University of Tasmania

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Matching biodiversity indicators to policy needs

journal contribution
posted on 2023-05-20, 21:44 authored by Stevenson, SL, Watermeyer, K, Caggiano, G, Elizabeth FultonElizabeth Fulton, Ferrier, S, Nicholson, E
At the global scale, biodiversity indicators are typically used to monitor general trends, but are rarely implemented with specific purpose or linked directly to decision making. Some indicators are better suited to predicting future change, others are more appropriate for evaluating past actions, but this is seldom made explicit. We developed a conceptual model for assigning biodiversity indicators to appropriate functions based on a common approach used in economics. Using the model, indicators can be classified as leading (indicators that change before the subject of interest, informing preventative actions), coincident (indicators that measure the subject of interest), or lagging (indicators that change after the subject of interest has changed and thus can be used to evaluate past actions). We classified indicators based on ecological theory on biodiversity response times and management objectives in 2 case studies: global species extinction and marine ecosystem collapse. For global species extinctions, indicators of abundance (eg, the Living Planet Index or biodiversity intactness index) were most likely to respond first, as leading indicators that inform preventative action, while extinction indicators were expected to respond slowly, acting as lagging indicators flagging the need for evaluation. For marine ecosystem collapse, indicators of direct responses to fishing were expected to be leading, while those measuring ecosystem collapse could be lagging. Classification defines an active role for indicators within the policy cycle, creates an explicit link to preventative decision-making, and supports preventative action.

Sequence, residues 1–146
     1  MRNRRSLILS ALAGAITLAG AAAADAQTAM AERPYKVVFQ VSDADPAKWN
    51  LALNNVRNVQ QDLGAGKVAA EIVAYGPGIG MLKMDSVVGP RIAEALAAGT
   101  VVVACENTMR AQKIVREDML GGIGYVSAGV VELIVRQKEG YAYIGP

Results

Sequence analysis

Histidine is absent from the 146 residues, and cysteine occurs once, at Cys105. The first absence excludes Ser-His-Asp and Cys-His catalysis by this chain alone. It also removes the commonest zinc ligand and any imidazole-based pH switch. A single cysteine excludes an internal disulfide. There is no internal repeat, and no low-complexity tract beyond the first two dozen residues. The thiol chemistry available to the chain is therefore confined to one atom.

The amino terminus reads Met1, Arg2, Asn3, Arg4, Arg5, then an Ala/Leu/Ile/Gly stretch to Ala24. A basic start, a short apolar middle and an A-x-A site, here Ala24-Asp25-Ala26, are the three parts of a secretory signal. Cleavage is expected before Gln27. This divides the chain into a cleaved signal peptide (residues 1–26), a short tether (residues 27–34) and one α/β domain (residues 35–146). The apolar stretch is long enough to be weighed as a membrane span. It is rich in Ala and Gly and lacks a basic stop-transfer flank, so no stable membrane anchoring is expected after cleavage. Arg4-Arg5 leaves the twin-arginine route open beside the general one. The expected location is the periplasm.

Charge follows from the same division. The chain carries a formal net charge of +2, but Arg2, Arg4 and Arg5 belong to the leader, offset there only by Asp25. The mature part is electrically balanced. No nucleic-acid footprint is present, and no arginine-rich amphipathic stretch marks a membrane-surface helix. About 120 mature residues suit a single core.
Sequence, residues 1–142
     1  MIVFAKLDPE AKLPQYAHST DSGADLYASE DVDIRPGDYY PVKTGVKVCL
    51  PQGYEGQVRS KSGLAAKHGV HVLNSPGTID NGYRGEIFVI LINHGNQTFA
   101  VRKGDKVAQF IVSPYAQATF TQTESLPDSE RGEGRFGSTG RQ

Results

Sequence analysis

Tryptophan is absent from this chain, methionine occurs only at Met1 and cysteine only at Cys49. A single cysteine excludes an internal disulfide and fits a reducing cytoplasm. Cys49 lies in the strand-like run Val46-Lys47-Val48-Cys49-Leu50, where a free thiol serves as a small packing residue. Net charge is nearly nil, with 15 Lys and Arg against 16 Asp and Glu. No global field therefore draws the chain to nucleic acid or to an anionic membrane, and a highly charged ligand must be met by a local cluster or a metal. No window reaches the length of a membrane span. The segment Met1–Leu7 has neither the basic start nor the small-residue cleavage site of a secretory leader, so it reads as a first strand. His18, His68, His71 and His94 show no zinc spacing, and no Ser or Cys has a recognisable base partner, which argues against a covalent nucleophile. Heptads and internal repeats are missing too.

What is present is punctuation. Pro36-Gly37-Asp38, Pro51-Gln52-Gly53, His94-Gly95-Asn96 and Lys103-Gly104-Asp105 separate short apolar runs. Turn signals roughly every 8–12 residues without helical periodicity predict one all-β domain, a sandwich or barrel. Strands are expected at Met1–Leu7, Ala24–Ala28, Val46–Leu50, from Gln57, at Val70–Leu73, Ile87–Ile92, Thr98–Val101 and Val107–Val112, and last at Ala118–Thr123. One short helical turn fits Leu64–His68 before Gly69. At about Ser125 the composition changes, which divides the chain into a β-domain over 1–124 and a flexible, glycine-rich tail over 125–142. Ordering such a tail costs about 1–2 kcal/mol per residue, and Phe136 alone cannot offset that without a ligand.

Publication title

Conservation Biology








Institute for Marine and Antarctic Studies


Blackwell Publishing Inc

Place of publication

350 Main St, Malden, USA, Ma, 02148

Rights statement

Copyright 2020 Society for Conservation Biology

Repository Status

  • Restricted

Socio-economic Objectives

Rehabilitation or conservation of coastal or estuarine environments; Rehabilitation or conservation of terrestrial environments